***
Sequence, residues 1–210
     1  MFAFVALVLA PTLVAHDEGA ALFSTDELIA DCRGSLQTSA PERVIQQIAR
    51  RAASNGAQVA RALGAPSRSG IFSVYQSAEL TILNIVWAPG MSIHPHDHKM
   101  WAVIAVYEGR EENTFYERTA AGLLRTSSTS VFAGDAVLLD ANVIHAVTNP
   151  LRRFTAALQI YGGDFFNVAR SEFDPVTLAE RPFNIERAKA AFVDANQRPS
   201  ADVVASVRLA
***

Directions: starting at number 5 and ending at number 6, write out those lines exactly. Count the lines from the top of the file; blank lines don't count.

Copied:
   151  LRRFTAALQI YGGDFFNVAR SEFDPVTLAE RPFNIERAKA AFVDANQRPS
   201  ADVVASVRLA